I agree with your quick-buck-theory. But I must say, that for me most of all it is the root for everything I don't like with Yes-Official since 2009. Both very andersonic singers IMO were hired by Squire and Howe to launch a nostalgic Yes without much risk to get through with glory from the past. I don't know much other examples of bands that carried on with singers that are stand-ins for their original one (Journey maybe).

                    The only fresh, new, modern and even a little adventureous moment of those now more than twelfe years is the majority of Fly From Here, the Suite, Life On A Filmset and Into The Storm. But that stuff in its core was done by kind of an outsourcing - by the other original, creative and visionary Yessinger, Trevor Horn. Probably because they didn't trust much of their own material like From A Page plus Hour Of Need and Don't Take No For An Answer.

                    Of course there were earlier quick-buck-ventures. The root of all Yes-nostalgia probably was the whole ABWH/Union-era. Then again Keys To Ascenison and again the 2002-2004-project. All those for my taste though on a much higher niveau as the Yes' since 2009 and still more or less very much enjoyable. And as a sidenote: In my book of Yes they never would have had to go back to Wakeman and the classic lineup. They gave up that always-looking-over-the horizon-promise by Alan White much too early. Talk of course, but also Magnification were exceptions.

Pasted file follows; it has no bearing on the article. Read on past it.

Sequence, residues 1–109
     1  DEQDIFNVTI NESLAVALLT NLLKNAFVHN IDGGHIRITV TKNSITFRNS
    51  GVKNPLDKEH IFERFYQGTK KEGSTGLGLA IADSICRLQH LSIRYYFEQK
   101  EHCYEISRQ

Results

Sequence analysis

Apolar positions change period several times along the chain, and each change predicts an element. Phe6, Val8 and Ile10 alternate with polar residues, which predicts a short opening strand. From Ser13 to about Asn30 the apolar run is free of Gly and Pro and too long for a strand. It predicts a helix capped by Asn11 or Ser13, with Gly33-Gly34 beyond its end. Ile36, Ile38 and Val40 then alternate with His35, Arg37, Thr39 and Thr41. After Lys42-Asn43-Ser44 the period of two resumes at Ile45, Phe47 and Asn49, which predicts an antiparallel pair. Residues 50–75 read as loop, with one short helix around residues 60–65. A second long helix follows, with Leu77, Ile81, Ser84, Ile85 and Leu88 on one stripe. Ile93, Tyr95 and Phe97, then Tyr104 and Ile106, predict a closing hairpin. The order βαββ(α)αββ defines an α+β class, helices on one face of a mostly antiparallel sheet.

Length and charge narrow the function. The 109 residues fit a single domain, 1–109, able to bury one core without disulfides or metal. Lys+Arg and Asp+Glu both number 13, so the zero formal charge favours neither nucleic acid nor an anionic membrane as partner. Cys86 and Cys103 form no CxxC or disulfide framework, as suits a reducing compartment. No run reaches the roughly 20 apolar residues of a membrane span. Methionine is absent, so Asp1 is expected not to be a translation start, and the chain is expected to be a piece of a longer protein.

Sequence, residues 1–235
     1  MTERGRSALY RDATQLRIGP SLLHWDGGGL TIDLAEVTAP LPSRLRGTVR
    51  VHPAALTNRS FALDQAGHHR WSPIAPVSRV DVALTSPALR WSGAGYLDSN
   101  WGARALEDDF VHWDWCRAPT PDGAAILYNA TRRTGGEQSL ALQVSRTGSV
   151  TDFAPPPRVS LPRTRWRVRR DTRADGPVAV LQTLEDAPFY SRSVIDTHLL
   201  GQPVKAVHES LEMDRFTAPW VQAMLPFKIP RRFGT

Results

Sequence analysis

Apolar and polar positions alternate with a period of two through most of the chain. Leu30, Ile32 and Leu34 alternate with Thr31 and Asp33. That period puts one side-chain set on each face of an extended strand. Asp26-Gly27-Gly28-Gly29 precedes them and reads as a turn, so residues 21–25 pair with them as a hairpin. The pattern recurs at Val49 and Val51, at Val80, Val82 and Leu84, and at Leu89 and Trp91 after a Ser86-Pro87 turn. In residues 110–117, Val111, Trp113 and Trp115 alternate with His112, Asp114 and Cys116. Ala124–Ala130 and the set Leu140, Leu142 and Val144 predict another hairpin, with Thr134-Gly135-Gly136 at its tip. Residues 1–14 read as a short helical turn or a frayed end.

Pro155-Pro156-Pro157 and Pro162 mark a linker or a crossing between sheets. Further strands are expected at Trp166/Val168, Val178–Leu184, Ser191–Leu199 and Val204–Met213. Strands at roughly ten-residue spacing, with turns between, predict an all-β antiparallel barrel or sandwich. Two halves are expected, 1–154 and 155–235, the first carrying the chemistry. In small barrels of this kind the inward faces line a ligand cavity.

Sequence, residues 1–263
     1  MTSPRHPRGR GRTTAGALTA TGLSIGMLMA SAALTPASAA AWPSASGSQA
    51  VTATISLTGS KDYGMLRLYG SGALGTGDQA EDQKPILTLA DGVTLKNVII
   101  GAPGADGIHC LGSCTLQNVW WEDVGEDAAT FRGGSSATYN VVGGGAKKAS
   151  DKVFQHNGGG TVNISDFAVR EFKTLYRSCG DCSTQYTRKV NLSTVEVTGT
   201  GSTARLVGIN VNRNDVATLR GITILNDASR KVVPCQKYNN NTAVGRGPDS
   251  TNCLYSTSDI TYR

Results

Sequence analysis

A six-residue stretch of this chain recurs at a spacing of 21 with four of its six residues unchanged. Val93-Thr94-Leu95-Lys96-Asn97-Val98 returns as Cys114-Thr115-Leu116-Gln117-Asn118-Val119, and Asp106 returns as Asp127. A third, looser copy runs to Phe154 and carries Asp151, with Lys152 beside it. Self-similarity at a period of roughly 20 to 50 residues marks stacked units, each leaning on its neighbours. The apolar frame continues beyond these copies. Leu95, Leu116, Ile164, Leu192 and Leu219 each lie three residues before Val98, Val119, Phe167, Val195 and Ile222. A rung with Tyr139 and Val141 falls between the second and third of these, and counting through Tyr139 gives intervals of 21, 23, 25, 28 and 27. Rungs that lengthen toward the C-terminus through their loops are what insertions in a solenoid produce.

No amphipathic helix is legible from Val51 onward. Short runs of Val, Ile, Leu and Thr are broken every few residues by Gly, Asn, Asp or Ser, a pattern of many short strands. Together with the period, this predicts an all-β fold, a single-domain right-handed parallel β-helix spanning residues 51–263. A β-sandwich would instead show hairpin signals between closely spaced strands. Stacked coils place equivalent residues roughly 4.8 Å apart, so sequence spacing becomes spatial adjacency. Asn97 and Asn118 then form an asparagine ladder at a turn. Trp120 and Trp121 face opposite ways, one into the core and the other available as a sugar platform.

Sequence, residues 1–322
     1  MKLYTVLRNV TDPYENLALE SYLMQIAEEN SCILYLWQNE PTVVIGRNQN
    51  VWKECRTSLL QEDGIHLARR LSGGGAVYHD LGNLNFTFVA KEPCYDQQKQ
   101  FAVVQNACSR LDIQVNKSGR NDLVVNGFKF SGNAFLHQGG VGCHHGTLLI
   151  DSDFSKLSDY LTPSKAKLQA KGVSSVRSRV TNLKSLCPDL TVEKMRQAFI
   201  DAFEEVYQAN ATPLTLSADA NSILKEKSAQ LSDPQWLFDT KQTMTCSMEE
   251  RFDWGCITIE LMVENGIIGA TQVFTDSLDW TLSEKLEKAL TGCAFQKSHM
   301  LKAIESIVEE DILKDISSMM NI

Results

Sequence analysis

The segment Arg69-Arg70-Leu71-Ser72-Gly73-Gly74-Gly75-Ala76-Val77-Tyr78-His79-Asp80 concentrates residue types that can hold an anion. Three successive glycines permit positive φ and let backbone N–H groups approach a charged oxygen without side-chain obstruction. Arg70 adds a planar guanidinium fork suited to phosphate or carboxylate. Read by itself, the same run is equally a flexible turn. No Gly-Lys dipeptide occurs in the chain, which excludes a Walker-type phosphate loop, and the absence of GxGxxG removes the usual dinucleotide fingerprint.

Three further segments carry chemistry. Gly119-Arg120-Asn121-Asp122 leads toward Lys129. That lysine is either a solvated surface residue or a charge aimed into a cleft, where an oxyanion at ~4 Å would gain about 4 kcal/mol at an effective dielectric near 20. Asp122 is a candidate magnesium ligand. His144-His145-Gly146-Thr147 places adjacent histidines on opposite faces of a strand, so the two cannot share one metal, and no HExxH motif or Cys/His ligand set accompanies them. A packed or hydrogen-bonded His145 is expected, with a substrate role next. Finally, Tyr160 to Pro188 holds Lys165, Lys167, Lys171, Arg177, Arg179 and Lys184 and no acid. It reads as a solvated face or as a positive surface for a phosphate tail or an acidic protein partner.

Comment


                      #11
                      Originally posted by PeterCologne View Post
                      I agree with your quick-buck-theory. But I must say, that for me most of all it is the root for everything I don't like with Yes-Official since 2009. Both very andersonic singers IMO were hired by Squire and Howe to launch a nostalgic Yes without much risk to get through with glory from the past. I don't know much other examples of bands that carried on with singers that are stand-ins for their original one (Journey maybe).
                      I think the band, particularly Squire, was focused on touring income when they brought in David, and when he was replaced by Davison, but that's the financial reality of being a band is that you need that touring income. So, is that quick-buck thinking or just sensible thinking?